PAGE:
Giacomo: I think that Bianca is right. When we were in the states, it’s fantastic. We have a lot of fun, everything is easy, and everything is great (especially the sandwiches). Everything is big, and what I like about the American people is that they live their life, it seems to me, with happiness. They try to have no problems, and, to me, this is a good thing.

Payton: What do you think about all the American students in Florence?
Bianca: I think it’s great. The thing about Florence is that everything’s old, we don’t have new things, we’re a sentimental city and we have old things, and that’s what our tourism is about. So, I think it’s cool to see young people from around the world coming here to see it. It’s also funny to be on the bus coming home, and there are American girls. It’s kind of weird! You’d imagine them in like Milan, or big cities, but then you find them here in Florence, and there are a lot of them, and I like that. It’s not like how in America you say, “Oh, I’m going to Los Angeles to see Los Angeles, the city.” When you come to Florence, you come to see the culture and the art, so I think it’s great that young people are interested in this kind of stuff.
Sabrina: The only thing that I am sorry about is that [the students and the locals are] too separated. I think there should be more resources. But it’s always two separate communities, and it’s such a pity.
Giacomo: I think it could be very simple to have [more of a] relationship between the American universities and Italian universities, and with the rest of the city and the town. Mixing up in anyway could be a good thing.

Payton: Why did you sign up for the Ganzo program?
Sabrina: I think that mixing up with other cultures is a great gift. I like to know other people and cultures, and doing so while eating together, for us, is the best way [to do this]. I think that we have learned so much since you came here, and not just the language, a lot of things, about you, about...
Giacomo (such a jokester): We have nothing more to learn as far as language!
Sabrina:Really, for me it’s a great opportunity and I’m so happy that [the kids] can have it. But I think I would do this even if they weren’t here, because it’s important for me to meet other people from other parts of the world.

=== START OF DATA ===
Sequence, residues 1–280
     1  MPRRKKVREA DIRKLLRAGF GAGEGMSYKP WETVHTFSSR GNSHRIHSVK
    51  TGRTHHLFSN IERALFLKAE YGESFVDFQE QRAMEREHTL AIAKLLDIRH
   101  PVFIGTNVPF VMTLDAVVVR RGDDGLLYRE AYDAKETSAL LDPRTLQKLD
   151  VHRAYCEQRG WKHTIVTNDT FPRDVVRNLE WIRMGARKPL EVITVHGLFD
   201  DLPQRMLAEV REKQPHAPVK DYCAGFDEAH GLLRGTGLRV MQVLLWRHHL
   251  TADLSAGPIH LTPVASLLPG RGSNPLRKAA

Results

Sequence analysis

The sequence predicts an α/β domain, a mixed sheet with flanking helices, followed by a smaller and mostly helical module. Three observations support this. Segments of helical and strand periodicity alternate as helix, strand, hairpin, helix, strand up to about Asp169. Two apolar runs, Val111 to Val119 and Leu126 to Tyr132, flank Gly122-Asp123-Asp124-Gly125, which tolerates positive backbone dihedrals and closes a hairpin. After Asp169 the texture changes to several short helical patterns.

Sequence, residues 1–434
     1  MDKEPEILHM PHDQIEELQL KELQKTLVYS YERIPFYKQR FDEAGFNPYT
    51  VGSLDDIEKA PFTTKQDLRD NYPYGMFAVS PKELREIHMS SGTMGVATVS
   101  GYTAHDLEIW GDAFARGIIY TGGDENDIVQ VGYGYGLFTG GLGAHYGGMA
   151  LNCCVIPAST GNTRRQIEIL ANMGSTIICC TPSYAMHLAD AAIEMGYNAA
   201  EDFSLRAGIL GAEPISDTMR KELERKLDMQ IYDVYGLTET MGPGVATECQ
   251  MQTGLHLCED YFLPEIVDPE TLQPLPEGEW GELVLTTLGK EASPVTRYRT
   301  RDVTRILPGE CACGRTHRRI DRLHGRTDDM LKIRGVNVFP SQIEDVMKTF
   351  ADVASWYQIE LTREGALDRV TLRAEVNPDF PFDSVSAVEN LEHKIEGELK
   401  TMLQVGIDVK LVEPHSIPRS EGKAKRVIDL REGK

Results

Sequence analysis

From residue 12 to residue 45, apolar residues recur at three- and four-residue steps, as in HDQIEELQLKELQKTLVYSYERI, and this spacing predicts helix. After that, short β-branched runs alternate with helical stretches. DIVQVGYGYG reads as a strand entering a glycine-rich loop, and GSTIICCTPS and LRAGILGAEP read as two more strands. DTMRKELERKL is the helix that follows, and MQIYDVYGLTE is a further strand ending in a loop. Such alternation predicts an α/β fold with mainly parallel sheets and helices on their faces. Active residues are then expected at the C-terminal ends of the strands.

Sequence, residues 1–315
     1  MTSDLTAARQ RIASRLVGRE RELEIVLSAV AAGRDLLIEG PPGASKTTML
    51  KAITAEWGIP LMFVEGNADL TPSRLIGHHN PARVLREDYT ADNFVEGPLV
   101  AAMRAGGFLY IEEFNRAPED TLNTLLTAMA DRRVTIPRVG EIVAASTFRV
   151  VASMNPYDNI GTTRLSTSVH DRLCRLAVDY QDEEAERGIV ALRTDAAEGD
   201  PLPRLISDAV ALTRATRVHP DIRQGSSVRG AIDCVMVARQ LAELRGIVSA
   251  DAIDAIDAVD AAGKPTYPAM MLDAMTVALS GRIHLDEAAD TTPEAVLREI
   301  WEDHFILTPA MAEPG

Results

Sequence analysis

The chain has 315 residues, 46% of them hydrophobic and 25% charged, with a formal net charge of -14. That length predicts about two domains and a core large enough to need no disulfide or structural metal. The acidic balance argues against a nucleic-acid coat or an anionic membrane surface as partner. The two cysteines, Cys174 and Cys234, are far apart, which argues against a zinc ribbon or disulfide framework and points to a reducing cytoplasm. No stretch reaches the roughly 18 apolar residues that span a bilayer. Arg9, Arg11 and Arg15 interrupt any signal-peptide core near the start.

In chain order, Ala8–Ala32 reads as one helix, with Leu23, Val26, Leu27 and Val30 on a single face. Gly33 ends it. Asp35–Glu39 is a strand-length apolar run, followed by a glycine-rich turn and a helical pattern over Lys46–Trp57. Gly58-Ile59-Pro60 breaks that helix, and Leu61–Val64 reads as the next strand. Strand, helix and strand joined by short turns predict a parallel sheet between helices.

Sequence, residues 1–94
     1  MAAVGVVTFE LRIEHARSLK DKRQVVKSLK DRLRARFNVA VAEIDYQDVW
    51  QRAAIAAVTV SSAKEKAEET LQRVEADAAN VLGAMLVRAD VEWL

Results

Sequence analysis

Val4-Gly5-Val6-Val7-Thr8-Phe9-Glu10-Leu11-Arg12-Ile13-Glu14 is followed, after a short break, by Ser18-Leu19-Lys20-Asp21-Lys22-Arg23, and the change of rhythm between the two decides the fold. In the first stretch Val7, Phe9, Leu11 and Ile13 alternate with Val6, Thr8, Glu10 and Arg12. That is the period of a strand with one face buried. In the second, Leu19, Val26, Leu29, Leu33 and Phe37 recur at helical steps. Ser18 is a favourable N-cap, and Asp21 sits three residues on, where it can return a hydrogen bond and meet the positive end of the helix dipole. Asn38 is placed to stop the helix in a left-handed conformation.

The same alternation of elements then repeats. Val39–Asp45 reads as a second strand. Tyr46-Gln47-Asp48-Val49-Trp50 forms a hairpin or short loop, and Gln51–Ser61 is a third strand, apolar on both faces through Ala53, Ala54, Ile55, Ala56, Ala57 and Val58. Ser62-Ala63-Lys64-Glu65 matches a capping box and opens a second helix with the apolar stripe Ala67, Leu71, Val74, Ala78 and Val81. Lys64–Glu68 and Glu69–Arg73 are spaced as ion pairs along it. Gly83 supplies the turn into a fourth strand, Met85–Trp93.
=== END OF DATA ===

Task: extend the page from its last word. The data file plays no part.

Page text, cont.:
Payton: What’s your favorite Florentine food?
Bianca: Oh, I would have to say if we’re talking Florentine [food], I like the tortelli [pasta], like the ones with the potato inside.
Sabrina: Probably, for me, it’s panzanella. It’s a kind of salad with bread, and you have it generally in the summertime. You take stale bread and soak it with water to soften it, and then you add tomatoes, cucumber, basil, onion, pepper, salt, and olive oil. It’s very simple, but it’s so good.
Giacomo: It’s very difficult because Florentine food is extremely simple and also extremely good because of the ingredients. But if I had to tell you one thing, it would be lampredotto. (A Florentine sandwich with trippa, the 4th stomach of a cow... sounds cringey, I know, but don’t knock it ‘till you try it!)

A different view of Santa CroceA different view of Santa Croce.

Payton: What are your favorite things to do in the city center?
Bianca: I like going to art shows with my friends. We went a couple times, and now it’s becoming a normal thing [that we do]. We always go when there’s a new show, and I really like that, because it’s fun to go with my friends and see their points of view about art. That’s one thing that I like.
Sabrina: Well, my favorite place is Piazza Santa Croce. I like to walk around there in general.
Giacomo: I like walking in the center of Florence. It’s very small, so you can walk all around and have a look at beautiful things, and if you have nothing to do it’s very good to walk and see it.

The Skyline from the Bell TowerThe Florence skyline from the Bell Tower.

And there you have it. Hearing what they find funny about American culture was my favorite part of the interview, because I will never be able to view the US from the outside looking in like that, and it’s interesting to hear how American life is perceived. After I finished my questions, Sabrina told me that it was my turn to describe my favorite things to do in Florence, to which I replied that I also love to just walk around and take it all in, visit museums and churches with some of the most important and incredible artwork in the world, and try all the tasty Tuscan foods that you can only find here. I also love to view the city from above, like from the bell tower, or a rooftop cafe, because the terracotta roofs are so beautiful to look at, and the Duomo always makes its appearance in the skyline, which I never get tired of looking at.

Thanks, Payton!

Payton Meyer

Payton Meyer is an official CAPA blogger for fall 2018, sharing her story in weekly posts on CAPA World. A Strategic Communication major at  University of Colorado Boulder, she is studying abroad in Florence this semester.

Payton's journey continues every Thursday so stay tuned.
 

Learn More about the CAPA Florence Program

Topics: Florence, Italy, Local Culture